Eligible taxpayers can claim the federal deduction for state sales and/or use tax in one of two ways: they can keep receipts and claim the actual amount of taxes paid, or they can use the tax tables provided by the IRS.

Taxpayers who built a new home or improved their home in 2011 may be able to deduct sales taxes paid on the materials incorporated into the real property improvement. Labor is not taxable for new construction or residential repair and remodeling.

In order for a homeowner to be eligible for such a deduction, the homeowner must have purchased the materials directly from, and paid tax to, the building materials supplier, or worked with a contractor under a separated contract. Lump sum (one price) contracts are not eligible for the deduction. This is because, under Texas Tax Code Section 151.056(a), a contractor performing a contract for a lump sum price covering both the performance of the service and the furnishing of the necessary material is considered the consumer of all materials incorporated into the project. As the consumer, the contractor pays the sales tax on materials and does not collect tax from the customer. See Rule 3.291. Since the customer did not pay tax to the contractor, the customer cannot deduct the tax on the federal income tax return.


Our Window on State Government website is a wonderful resource for information about Texas taxes. From applying for a sales tax permit to closing a business, and all things in between, you can find answers here. You can also sign up to be notified when pages of interest to you are updated.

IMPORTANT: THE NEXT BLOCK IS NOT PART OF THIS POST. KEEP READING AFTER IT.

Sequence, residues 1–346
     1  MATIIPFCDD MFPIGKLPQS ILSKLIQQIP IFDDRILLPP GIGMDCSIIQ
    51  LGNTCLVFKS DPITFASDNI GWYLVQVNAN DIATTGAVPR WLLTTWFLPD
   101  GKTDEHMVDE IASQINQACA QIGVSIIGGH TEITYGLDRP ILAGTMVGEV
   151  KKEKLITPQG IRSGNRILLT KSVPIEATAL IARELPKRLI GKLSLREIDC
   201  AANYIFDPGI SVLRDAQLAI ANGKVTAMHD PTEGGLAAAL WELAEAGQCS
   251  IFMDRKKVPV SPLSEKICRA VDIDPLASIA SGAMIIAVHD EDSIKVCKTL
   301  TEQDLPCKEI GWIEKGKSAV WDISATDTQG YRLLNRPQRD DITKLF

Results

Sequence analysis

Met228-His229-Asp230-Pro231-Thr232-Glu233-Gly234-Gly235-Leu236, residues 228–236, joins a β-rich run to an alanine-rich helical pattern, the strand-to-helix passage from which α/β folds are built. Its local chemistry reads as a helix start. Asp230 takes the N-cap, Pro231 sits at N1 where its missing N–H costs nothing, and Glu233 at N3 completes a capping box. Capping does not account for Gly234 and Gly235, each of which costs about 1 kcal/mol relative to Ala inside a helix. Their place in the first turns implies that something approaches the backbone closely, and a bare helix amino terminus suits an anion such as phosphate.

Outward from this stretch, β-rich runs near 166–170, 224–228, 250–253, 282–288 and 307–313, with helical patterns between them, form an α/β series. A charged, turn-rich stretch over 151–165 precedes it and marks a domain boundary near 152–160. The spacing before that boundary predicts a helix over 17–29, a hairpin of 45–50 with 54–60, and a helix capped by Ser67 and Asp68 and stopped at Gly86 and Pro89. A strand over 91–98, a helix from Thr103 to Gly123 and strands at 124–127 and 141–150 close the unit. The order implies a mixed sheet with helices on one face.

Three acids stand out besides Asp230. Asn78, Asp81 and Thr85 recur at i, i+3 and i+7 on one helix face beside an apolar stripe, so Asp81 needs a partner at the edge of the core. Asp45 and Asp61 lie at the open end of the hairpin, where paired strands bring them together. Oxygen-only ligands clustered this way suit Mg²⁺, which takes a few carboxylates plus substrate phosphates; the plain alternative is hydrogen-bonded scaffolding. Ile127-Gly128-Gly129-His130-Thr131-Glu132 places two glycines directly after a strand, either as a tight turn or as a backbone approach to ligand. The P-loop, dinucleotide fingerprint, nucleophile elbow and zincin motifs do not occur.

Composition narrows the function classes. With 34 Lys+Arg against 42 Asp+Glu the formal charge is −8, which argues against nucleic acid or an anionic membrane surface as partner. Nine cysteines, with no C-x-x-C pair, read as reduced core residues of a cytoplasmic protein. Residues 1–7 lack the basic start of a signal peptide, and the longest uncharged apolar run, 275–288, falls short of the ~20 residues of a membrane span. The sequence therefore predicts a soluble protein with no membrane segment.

Some of the most popular sections include:

  • Texas Taxes – This section has links to all Texas taxes and fees. Clicking on a specific tax on the list will open its own page which will have links to everything needed to report and pay that tax, along with the statutes and rules that govern it.
  • Texas Taxes – Frequently Asked Questions – Answers to our most common questions, organized by tax
  • Tax Publications – Links to publications about specific taxes
  • Special Tax Mailings – A list of pertinent information sent to specific industries to keep them up to date about new legislation or other items of interest
  • State Tax Automated Research System (STAR) – A searchable tool for Texas tax law and tax policy, including position letters and hearings

The Comptroller’s office publishes this newsletter to keep you informed about state taxes. Tax questions can be complicated, so please use these summaries as guidelines only.

For a Copy of a Proposed Rule

For a copy of a proposed rule or information about a proposed rule, write to Bryant Lomax, Tax Policy Division, 1700 North Congress Avenue, Austin, Texas, 78701-1436, or submit a request via Texas Tax Help.

For Publications, Rules or Other Tax Information

For a wealth of tax information sorted by tax type or by subject matter, please visit the Texas Taxes section of our website.

Contributors to This Month’s Issue

Robin Corrigan, Lisa Davis, Don Dillard, Tommy Hoyt; Carol McAnnally, Karen Ortosky, Lindey Osborne, Jerry Oxford, Stefanie Medack, Jo Anne Meyerson, Viki Smith, Karen Snyder and Jennifer Specchio

Required Plug-ins

In 2015, the Texas Legislature passed House Bill 855, which requires state agencies to publish a list of the three most commonly used Web browsers on their websites. The Texas Comptroller’s most commonly used Web browsers are Microsoft Internet Explorer, Google Chrome and Apple Safari.